The Vega was an early attempt by General Motors to break into the fuel-efficient compact car market. Unfortunately, the Vega quickly earned a reputation for consuming, not gasoline, but motor oil. The Vega's aluminum engine just wasn't up to the job and, according to various sources, the cars were plagued by mechanical problems, including a hearty appetite for lubricants. Premature rusting was another commonly reported issue.
If true, it was probably a bad sign when, eight miles into a test run on GM's proving track, a Vega literally fell apart, as related in a book by John DeLorean recalling his days as head of Chevrolet.
Despite its many issues, the Vega was a fairly popular model in its day and almost 2 million were produced. (A little over 2 million if you count its Pontiac sister model, the Astre.)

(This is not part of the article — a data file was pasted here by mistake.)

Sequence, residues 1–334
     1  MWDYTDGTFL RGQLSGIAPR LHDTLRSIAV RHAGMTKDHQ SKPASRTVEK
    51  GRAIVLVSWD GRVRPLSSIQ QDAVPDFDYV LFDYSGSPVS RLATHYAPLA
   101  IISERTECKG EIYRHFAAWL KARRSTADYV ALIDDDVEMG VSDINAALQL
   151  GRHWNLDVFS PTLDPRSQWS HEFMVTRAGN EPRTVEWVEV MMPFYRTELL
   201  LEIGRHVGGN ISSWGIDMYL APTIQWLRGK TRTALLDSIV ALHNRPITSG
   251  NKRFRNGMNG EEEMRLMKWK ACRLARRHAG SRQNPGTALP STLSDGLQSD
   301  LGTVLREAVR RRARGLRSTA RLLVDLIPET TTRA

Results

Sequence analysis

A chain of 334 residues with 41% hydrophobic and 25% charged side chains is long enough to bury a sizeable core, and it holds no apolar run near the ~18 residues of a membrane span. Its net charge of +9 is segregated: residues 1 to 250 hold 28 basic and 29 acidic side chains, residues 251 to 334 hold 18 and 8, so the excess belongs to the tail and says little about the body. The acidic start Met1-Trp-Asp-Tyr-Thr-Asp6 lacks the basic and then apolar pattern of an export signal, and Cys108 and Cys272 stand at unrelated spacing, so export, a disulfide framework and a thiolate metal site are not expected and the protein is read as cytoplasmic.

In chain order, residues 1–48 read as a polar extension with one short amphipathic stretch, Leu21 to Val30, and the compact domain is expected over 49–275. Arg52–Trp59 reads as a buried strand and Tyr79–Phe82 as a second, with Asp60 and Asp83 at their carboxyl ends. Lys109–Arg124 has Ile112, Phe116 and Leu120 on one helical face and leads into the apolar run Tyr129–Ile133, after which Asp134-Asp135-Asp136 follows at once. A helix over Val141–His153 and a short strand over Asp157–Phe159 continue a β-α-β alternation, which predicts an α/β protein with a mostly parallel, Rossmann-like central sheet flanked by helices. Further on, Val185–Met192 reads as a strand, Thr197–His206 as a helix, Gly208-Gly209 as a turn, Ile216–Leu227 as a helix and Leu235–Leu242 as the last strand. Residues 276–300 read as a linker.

GM produced about 3,500 (relatively) high-performance Cosworth Vegas which are (relatively) collectible today. "They sell for more than you'd think," said McKeel Hagerty, president of Hagerty Insurance, which conducted the survey.
The vehicle shown here is an example of the even lesser known Yenko Vega in racing trim.